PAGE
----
The All-Consuming World – Cassandra Khaw

The All-Consuming World by Cassandra Khaw is one of those books that coasts on vibes. And because one of the important locations of the story is a planet called Dimmuborgir, and it is an angry queer space opera, I can’t resist starting this review with a Dimmu Borgir song – I love that the band’s vibes fit the book’s vibes so well. So press play, and have the fitting soundtrack to get you into the right mood.

And we’re back with the second space opera of the week. The All-Consuming World is a very different kettle of fish to Far From the Light of Heaven, though, much less streamlined and linear, and far grittier and queer. I really enjoyed the reading experience of this one too but this one will be much more of a Marmite type book, dividing opinion as it is ultimately something very special. Massive thanks to Marty at Erewhon for sending me a review copy, all opinions are my own.

RELEASE DATE: 07/09/2021


SUMMARY: Maya has died and been resurrected into countless cyborg bodies through the years of a long, dangerous career with the infamous Dirty Dozen, the most storied crew of criminals in the galaxy, at least before their untimely and gruesome demise.

Decades later, she and her diverse team of broken, diminished outlaws must get back together to solve the mystery of their last, disastrous mission and to rescue a missing and much-changed comrade… but they’re not the only ones in pursuit of the secret at the heart of the planet Dimmuborgir. 

The highly evolved AI of the galaxy have their own agenda and will do whatever it takes to keep humanity from ever regaining control. As Maya and her comrades spiral closer to uncovering the AIs’ vast conspiracy, this band of violent women—half-clone and half-machine—must battle their own traumas and a universe of sapient ageships who want them dead, in order to settle their affairs once and for all. (from Erewhon)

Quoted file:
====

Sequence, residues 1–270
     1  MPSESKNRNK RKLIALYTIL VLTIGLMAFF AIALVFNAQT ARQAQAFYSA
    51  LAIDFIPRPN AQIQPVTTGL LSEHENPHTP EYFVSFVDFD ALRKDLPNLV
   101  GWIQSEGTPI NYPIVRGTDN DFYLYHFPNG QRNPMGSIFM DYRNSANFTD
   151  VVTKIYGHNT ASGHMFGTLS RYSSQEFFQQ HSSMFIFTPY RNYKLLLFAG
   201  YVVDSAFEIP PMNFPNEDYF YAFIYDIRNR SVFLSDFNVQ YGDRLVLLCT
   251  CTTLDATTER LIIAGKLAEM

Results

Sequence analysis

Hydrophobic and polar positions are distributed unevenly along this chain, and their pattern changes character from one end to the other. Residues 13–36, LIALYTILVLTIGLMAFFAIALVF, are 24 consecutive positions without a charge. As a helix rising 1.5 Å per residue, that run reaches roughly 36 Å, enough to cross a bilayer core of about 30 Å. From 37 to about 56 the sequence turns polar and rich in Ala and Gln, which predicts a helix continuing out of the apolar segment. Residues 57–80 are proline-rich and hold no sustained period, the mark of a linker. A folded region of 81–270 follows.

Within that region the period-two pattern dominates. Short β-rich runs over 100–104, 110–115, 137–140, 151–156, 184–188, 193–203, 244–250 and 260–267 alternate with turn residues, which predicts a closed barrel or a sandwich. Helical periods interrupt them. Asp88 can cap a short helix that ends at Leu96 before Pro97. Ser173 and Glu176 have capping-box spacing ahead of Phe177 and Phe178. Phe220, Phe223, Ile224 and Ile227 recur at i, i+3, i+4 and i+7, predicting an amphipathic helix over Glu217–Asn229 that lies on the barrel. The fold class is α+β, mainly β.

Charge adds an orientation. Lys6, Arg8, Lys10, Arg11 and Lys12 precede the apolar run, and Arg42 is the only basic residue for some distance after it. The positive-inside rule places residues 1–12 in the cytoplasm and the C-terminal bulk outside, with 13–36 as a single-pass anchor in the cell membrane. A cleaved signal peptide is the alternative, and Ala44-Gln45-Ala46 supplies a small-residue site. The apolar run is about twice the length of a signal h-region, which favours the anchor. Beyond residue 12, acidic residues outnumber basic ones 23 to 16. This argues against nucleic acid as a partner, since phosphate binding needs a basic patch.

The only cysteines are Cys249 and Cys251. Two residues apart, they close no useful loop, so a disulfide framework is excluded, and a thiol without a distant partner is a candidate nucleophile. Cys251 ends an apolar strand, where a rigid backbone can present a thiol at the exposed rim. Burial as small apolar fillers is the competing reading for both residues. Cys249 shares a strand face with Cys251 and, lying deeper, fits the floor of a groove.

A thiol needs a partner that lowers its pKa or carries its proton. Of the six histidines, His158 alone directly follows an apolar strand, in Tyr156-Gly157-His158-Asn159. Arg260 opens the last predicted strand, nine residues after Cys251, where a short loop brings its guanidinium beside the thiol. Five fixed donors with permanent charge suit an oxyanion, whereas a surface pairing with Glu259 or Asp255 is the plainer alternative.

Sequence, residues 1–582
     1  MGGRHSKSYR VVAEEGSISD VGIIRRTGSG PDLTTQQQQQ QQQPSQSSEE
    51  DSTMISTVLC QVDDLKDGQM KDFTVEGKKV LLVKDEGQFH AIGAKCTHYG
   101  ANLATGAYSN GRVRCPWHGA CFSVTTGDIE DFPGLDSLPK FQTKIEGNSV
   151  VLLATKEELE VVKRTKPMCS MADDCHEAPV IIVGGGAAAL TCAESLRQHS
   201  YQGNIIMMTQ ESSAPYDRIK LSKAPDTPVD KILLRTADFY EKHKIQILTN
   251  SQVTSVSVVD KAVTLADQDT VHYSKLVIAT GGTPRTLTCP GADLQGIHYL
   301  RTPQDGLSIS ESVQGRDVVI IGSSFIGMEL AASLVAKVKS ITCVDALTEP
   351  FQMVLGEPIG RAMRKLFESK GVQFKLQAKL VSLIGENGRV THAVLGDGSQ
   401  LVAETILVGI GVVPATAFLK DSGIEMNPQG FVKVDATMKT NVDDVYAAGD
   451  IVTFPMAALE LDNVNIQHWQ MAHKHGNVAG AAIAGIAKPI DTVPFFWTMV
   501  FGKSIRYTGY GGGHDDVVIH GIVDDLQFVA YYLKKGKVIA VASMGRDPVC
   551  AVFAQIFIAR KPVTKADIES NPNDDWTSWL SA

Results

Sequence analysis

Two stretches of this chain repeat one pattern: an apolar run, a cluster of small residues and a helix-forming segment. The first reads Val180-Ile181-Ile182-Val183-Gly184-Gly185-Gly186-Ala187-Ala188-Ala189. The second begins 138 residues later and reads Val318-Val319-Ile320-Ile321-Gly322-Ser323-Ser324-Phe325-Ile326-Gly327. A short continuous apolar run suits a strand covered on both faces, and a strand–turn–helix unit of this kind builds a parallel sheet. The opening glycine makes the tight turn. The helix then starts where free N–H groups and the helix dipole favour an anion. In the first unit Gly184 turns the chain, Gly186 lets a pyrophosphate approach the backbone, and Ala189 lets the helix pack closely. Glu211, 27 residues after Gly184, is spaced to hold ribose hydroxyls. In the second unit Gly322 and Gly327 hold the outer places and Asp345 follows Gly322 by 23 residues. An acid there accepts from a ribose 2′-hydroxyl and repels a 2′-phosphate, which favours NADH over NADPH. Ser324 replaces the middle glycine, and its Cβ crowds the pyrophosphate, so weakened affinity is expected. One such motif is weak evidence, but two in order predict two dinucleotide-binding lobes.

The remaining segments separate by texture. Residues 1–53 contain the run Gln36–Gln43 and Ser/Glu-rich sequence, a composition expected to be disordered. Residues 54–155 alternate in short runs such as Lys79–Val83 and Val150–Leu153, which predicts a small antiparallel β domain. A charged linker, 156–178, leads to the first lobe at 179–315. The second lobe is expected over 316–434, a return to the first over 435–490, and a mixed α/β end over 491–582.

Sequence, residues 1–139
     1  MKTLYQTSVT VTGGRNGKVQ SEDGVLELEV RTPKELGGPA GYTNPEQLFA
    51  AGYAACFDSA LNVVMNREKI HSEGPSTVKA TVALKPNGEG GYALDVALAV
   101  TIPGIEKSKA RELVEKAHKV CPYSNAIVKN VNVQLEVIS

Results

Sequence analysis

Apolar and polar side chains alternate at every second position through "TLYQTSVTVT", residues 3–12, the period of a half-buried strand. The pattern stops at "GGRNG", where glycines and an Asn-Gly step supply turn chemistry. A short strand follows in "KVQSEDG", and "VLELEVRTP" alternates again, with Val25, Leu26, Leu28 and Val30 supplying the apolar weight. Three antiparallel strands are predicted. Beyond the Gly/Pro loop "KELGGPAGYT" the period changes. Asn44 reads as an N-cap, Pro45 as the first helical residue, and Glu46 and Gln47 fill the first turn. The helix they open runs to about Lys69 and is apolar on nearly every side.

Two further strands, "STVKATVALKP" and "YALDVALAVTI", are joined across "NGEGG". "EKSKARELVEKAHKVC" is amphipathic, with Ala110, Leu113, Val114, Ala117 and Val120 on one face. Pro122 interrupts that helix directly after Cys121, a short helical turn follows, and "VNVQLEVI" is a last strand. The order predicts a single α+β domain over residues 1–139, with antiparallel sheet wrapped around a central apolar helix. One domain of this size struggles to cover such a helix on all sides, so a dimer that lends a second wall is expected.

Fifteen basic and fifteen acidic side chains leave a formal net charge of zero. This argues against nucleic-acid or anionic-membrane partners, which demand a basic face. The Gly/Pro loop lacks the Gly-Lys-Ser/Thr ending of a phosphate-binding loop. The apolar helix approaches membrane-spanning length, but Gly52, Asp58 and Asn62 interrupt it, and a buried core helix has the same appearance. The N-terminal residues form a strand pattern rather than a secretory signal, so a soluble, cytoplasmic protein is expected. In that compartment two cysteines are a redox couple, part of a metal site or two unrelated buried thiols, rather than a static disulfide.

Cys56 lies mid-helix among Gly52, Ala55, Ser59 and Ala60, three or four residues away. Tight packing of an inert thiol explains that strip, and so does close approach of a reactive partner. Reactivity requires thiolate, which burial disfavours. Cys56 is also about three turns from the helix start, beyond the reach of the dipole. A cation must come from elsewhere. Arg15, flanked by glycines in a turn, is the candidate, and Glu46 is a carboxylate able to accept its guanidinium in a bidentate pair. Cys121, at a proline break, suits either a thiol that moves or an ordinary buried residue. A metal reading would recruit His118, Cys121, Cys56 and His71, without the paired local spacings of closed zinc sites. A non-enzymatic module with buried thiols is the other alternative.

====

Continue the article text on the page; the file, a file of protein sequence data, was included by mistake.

OPINIONS: So this one is quite special. It’s really a Marmite book I think that is dividing opinions – I personally really enjoyed it, but I can see how this will definitely not work for everyone. Have a read of my thoughts and see if The All-Consuming World might be one for you. This book really lives off vibes more so than coherent storytelling. It is all about the characters and the world that they move in, and in that sense, it reminds me a bit of the brilliant Summer Sons by Lee Mandelo – which is an entirely different book, as it is a gothic dark academia novel, but it similarly focuses on vibes and atmosphere over plot.

Think of this as weird along the lines of Gideon the Ninth, edgy like Jay Kristoff (but less problematic) and fun like a very dark episode of Doctor Who with a dash of Becky Chambers. This isn’t a book for the faint of heart – there is surgery that happens while the character is awake, on the page, for example, so do heed the content warnings. The official ones are depictions of abusive relationships, mentioned character death, codependency, emotional manipulation, eye trauma, gaslighting, grief and surgery without anesthesia. It sounds like a long list of difficult topics, but it didn’t read like a heavy book to me – though that might be speaking from a position of privilege as my wounds are in very different places.

While The All-Consuming World is pitched as a heist book, it doesn’t feel like one. It’s mostly an angry queer book, set in space, where you get to know the characters, their stories and their problems. It doesn’t always feel like there is too much to the story, but ultimately I didn’t mind that. I cared about the characters, and I was emotionally invested, which is always the most crucial for me personally. I just loved being along for the ride with these characters and enjoyed my experience. It is a book that functions like a Black Metal album for me – escapism, forgetting the world and how shit it is by sinking into noise.

Add The All-Consuming World to your Goodreads here, and order a copy from Bookshop here (affiliate link).

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